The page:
The learned and gallant Gentleman has referred to Members of the Northern Irish Parliament. Neither I nor my hon. and learned Friend beside me (Sir M. Maenaghten) are Members of that Parliament There is no harm whatever done by the Bill. It is no good 1374 looking at the Act of 1883, because there is a whole series of Acts. I have not looked the matter up, but my impression, for what it is worth, is that there are financial provisions which must be dealt with by that Parliament. But however that may be, if the Northern Ireland Parliament does not desire that these Acts should be continued they will be dropped.
I think the learned and gallant Gentleman has in his hand the Minutes of Evidence given before the Select Committee on the Expiring Laws Continuance Act last year. If he looks at page 8, he will see that the explanation I gave was perfectly accurate.
§ Mr. MACLEAN
I support my hon. and gallant Friend in making inquiry as to the continuation of this particular Act. Certain powers were reserved in the Act which gave To Southern and Northern Ireland the powers of Government: but that this particular Act applies to the whole of Ireland and no Amendment of it has been passed since the passing of the Government of Ireland Act. Consequently, the original Act and the 15 Amending Acts which have been passed since the enactment of the original statute, apply to the whole of Ireland and not simply to Free State Ireland or Ulster Ireland. Therefore, whether Ulster wants it or not, it will not be dropped. If this is a reserved subject, as the Financial Secretary to the Treasury says, then, whatever the Ulster Parliament says, the last word rests with the Imperial Parliament whether it shall apply or not to Northern Ireland. I should like to know why this Act and the Amending Acts, which bear entirely upon Ireland and which, as far as I can discover, have no financial proposition in them, or any financial obligation bearing upon this country, should be a reserved subject. If the Irish Parliaments do not intend to operate these Acts—assuming they have power to do so, of which I am not sure—what is the use of continuing them as expiring laws?If on the other hand the Ulster Parliament or the Free State Parliament pass laws.dealing with 1375 the subject, this particular Act could disappear from the list of expiring laws.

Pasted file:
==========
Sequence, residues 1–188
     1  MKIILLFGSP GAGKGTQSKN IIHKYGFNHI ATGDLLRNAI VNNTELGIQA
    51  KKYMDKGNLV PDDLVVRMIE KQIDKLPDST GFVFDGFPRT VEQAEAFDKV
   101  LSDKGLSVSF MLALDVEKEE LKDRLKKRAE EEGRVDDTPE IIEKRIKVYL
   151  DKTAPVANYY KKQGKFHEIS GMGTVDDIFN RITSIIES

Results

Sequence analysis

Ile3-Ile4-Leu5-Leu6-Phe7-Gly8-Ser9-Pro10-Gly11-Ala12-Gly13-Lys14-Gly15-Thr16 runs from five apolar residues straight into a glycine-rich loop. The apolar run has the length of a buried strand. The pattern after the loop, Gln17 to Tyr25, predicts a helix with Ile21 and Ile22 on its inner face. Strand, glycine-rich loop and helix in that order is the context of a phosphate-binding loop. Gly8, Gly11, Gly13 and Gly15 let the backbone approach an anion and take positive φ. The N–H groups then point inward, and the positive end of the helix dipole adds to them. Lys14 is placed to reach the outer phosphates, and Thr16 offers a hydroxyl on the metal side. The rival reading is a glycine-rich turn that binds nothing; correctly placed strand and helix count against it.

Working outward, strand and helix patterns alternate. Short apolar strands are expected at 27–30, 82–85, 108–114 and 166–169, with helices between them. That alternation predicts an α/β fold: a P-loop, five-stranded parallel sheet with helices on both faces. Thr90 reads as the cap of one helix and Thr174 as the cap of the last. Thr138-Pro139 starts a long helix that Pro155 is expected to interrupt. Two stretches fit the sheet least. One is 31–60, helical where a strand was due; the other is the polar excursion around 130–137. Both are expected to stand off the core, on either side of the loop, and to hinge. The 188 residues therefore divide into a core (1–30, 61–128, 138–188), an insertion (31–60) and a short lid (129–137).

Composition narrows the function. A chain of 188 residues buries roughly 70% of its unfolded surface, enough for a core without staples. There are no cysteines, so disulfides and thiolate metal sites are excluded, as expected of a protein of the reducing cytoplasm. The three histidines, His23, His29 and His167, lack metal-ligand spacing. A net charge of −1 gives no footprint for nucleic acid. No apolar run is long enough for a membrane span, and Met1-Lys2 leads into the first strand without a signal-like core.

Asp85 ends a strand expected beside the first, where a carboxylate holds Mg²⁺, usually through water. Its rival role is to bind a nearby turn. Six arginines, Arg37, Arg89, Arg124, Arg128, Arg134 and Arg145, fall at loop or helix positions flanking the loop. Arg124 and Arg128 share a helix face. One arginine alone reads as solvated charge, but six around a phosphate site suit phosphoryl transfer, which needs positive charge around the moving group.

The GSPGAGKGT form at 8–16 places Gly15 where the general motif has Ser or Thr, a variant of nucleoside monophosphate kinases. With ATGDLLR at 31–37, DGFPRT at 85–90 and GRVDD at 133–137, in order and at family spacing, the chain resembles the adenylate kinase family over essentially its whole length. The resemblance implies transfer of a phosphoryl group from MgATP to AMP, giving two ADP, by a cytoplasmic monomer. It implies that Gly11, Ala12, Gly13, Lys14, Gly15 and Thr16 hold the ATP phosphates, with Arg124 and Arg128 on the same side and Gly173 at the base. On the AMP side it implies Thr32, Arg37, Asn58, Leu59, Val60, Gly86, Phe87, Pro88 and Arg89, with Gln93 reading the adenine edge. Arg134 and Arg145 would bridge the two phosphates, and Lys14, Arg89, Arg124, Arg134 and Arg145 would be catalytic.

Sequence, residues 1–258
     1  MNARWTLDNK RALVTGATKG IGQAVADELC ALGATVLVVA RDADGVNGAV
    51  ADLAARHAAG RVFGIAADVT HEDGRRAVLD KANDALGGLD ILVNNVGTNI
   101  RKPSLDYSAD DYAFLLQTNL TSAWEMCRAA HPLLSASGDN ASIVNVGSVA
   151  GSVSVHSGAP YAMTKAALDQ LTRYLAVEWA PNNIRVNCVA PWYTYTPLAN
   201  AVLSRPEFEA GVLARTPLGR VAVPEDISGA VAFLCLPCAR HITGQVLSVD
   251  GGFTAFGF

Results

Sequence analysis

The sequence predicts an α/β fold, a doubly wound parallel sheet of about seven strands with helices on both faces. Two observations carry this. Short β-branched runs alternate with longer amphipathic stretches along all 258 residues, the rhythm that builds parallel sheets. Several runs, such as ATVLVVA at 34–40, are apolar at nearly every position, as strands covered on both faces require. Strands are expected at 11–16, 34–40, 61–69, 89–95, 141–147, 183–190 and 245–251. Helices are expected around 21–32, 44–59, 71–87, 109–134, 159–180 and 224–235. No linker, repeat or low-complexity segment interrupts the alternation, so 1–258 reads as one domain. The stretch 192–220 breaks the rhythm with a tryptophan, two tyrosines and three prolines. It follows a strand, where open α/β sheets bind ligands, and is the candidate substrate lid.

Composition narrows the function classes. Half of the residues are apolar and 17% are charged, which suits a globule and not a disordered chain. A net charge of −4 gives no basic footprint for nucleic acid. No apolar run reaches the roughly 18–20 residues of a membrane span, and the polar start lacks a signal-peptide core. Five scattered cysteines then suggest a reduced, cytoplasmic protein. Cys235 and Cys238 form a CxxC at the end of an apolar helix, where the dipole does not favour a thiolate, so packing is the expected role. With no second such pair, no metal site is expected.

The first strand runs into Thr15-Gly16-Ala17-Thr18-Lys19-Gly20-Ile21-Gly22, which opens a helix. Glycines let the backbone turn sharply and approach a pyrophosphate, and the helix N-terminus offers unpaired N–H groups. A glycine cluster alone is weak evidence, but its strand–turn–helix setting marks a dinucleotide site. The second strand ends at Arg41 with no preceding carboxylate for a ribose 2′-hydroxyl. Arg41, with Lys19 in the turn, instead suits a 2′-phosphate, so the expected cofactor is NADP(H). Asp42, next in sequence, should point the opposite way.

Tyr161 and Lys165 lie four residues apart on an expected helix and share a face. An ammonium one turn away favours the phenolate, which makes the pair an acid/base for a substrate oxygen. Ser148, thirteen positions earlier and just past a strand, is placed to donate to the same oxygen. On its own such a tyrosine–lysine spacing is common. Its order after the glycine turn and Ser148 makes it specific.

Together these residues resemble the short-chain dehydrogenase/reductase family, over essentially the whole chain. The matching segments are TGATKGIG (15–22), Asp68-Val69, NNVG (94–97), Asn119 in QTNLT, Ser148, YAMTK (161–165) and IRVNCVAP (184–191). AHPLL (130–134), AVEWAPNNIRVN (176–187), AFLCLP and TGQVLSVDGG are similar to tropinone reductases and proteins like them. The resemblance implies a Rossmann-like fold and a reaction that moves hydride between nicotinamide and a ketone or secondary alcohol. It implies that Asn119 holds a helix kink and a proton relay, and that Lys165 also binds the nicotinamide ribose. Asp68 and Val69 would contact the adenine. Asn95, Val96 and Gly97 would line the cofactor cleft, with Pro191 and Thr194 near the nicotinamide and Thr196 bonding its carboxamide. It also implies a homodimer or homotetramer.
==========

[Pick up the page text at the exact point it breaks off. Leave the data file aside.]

I now find that the explanation is simple. The passage in the Report to which the Financial Secretary has referred had escaped my notice. I am surprised that he did not read it. This is a matter on which the Northern Parliament of Ireland can legislate, and they can, if they like, pay for it; but they do not want to pay for it. There is not power on our part to say what shall happen in Northern Ireland in regard to this matter; they have the power in regard to legislation, and the only thing we are privileged to do under this Schedule is to pay. This is a reserved subject; they have power to make their own arrangements, but they do not desire to forfeit lien which they have on the British Treasury. For that purpose this matter, which has caused so much trouble to my hon. Friend the Member for Govan (Mr. Maclean) and others, is inserted in the Schedule in order that we can go on paying for something which is within the competence of the Northern Parliament.
§ The SECRETARY of STATE for the HOME DEPARTMENT (Sir W. Joynson-Hicks)
This is money which is advanced under the Land Purchase Act for the purpose of building labourers' cottages in Ireland, and it is all repaid. We do not have to provide the money here, as suggested by the hon. and gallant Member, without being repaid. To enable this work to be continued it is necessary to include these Acts, as has been done in Sub-section (2).
§ Amendment negatived.
§ Clause ordered to stand part of the Bill.